Cartography... it's the sort of word you know if you're a Geography teacher, or if you've had the question in a pub quiz. Cartography = maps, and I wasn't surprised when my sister (who is a Geography teacher) was asked by the Art teacher at her school if she had old maps that her kids could cut up for a project. Maps are pretty, they're also personal with locations holding memories, and I'm noticing them being used more and more for cards etc.
So, where am I going with this... I wanted to make Kellie a wedding card that was a bit different and I thought I'd bring in this map idea. The idea would mean acquiring a map of where she's from and where her now husband hails from. This, I quickly discovered would mean £18 if purchasing Ordnance Surveys; that's one expensive card! Instead, I had to compromise by using google images to find the appropriate map sections and then printed them off my computer.
Then, I nicked an idea I saw in a Clifton village gallery and found a silhouette for a man and woman by having a search around the net. I printed the silhouette outline onto the samples of maps and cut them out. The first silhouette I started cutting out was really fiddly and it had too much detail, which took away from the
detail from the map. I kept it simple and chose "toilet door style" icons.
Then I stuck them onto card and triple mounted them with some of the different cards and papers that I had leftover from making Karen's wedding invites a few years ago. The result was this:-

The Bristol man worked the best I think, with 'Mark' having a 'Mangostfiled leg', 'Oldbury Court head' 'Cleeve Hill' torso and 'Frenchay and Staplehill' arms... 'Kellie' is just a kind of indecipherable Caerleon, but a very pretty one I think, with a bit of a pink and blue leg.

I've seen a similar idea with pictures and cards from 'Not on the High Street'...

 These are £8 and £12 and 150 people have reviewed them on there so I can't imagine how many people have bought them.. a heart is so easy to cut out too!

And some other nice cartography... when I was in Seville all the ladies were walking around with traditional little hand fans and in the window of one of the cutest shops I have ever seen was this one made out of a map of Seville...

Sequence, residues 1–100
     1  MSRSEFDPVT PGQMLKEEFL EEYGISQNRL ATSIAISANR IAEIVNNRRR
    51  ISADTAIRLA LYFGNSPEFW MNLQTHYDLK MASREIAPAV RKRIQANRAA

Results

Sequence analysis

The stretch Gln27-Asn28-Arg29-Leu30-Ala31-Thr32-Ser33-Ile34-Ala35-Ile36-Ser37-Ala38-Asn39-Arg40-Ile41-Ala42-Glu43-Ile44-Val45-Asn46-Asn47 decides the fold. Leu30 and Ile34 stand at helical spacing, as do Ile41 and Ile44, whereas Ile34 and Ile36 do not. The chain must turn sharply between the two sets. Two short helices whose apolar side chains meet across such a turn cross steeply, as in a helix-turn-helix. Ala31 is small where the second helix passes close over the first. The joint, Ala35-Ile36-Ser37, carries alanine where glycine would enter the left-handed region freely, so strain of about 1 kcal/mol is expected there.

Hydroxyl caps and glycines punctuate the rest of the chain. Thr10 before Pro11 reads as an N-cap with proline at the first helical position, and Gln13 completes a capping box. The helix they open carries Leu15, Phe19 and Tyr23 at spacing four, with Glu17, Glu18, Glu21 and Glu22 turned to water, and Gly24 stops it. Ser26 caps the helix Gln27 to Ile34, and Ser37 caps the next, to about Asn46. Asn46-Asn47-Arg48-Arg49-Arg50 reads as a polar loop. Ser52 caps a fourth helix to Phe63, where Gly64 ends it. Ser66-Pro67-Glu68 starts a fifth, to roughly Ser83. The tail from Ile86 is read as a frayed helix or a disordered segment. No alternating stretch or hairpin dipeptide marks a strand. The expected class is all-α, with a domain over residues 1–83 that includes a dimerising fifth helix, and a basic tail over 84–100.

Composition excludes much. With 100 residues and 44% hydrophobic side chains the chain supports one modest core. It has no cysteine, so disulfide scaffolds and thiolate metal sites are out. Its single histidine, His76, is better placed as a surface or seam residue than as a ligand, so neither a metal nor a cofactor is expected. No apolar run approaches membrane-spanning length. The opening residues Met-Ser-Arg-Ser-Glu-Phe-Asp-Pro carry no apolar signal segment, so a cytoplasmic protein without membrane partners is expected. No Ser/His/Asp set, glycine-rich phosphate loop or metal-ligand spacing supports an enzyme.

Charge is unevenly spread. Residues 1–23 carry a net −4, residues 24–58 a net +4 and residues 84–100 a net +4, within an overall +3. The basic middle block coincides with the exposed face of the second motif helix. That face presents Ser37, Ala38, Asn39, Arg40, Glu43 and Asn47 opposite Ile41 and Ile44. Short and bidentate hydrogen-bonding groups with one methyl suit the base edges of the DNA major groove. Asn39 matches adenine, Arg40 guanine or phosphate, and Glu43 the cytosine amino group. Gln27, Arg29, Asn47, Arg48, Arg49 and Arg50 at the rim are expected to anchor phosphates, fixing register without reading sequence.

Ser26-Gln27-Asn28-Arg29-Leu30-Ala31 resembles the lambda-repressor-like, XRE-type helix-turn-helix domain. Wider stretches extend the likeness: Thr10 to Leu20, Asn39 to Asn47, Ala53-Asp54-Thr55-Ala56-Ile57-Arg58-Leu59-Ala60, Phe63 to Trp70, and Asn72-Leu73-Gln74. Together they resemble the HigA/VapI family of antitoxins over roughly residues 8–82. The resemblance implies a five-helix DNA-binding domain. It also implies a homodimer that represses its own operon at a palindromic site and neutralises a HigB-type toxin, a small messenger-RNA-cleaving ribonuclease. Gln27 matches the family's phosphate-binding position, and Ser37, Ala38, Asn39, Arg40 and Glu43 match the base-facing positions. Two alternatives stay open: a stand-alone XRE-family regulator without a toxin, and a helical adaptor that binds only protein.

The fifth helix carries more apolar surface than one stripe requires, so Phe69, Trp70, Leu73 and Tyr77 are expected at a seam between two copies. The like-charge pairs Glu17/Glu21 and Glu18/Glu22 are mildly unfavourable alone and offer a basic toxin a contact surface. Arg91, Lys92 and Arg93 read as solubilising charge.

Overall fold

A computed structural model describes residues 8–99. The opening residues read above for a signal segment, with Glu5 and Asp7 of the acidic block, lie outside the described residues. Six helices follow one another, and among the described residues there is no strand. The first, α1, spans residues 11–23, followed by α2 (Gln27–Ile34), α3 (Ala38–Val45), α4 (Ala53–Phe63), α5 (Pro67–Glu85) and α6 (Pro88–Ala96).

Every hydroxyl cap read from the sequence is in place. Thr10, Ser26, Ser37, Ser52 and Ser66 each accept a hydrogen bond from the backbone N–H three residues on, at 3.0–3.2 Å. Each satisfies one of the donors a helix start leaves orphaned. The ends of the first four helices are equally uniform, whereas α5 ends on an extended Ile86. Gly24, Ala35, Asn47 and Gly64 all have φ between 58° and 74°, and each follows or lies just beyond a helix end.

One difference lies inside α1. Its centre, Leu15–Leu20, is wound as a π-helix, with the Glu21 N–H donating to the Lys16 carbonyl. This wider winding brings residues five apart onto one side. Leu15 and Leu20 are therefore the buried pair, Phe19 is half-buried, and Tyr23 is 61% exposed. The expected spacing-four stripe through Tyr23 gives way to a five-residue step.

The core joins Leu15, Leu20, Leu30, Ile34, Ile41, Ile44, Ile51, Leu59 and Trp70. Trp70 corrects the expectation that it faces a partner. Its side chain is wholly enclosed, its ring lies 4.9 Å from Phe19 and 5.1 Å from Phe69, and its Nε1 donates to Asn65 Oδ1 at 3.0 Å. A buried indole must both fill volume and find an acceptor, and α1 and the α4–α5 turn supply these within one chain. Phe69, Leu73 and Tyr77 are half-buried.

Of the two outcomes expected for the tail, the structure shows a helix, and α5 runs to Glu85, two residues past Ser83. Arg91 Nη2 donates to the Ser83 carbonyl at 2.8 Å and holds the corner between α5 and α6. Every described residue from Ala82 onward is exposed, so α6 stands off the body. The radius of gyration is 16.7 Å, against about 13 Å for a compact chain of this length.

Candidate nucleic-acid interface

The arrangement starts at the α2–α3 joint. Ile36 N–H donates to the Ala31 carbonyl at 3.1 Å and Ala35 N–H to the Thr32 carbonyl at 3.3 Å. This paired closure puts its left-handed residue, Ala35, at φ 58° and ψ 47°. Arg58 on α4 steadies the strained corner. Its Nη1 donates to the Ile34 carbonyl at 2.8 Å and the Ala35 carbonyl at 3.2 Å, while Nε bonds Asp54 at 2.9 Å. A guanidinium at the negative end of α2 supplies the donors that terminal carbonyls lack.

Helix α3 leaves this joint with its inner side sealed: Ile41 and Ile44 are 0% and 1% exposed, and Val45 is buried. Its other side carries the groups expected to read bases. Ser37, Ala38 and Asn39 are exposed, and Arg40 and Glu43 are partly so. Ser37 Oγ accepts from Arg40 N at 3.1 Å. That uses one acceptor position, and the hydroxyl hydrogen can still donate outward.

I would've gone inside and got a better picture but the shop was shut for the 2 days after we noticed it - Annabel and I nearly cried looking at all the amazing things inside that we couldn't go look at! I might just have to book another city break so I can go back and visit it...

And then I thought, well, I might as well print off another page of a map for the location that Mark and Kellie will be living at now (to wrap their wedding gift in...) It's a small gift, but then, I did make them a lot of cupcakes for their big day:-

 In the end I actually wrapped the gift in bubble wrap and white tissue paper,
then printed the map onto tracing paper and tied with black curling ribbon.

And they lived happily ever after... ( just off the M32).

J :)

Wednesday, 8 June 2011

The Hummingbird Flavour Cupcakes Learning Curve.

I can't get enough of these at the moment...
Hummingbird flavour cakes are a kind of delicious, sweet, "carrot cake meets banana loaf" kind of fusion made with bananas, pineapple, and oil which keeps them really moist. Some recipes I've found use coconut and varying degrees of oil and they all include roughly chopped pecans.
Hummingbird cake seems to have cropped up first in baking journals in the American deep south, and there are several ideas about the origin of it's name:-

►This cake is so yummy that it makes you HUM with delight, or happiness when you anticipate having a slice

►Hummingbirds drink nectar from flowers and this cake is just a sweet as a flower's nectar

►Hummingbirds themselves are associated with the lighthearted and sweet side of life, hence the name of this cake

►When the cake is served, people hover around it the way hummingbirds hover around nectar bearing flowers

►Although a cake made for people, it is a cake sweet enough to attract even hummingbirds

►Bananas and pineapples come from the tropics, and the national bird of Jamaica is a hummingbird...could this be how it got its name?

The most complimentary topping has to be cream cheese frosting and for the wow factor you could use a slow-dried pineapple slice or plonk on a pecan if you've got a bit less time:-

The sliced pineapple really does end up looking like a flower!

So, having tried a few, I believe I have found the ultimate Hummingbird cupcake recipe. The measurements are in cups as pretty much all Hummingbird recipes on the net are from the U.S. I have taken the basis of the recipe from Choccylit (a baking hero of mine) who is a software quality engineer by day, cupcake maker extraordinaire by night, she's great, check her out here:-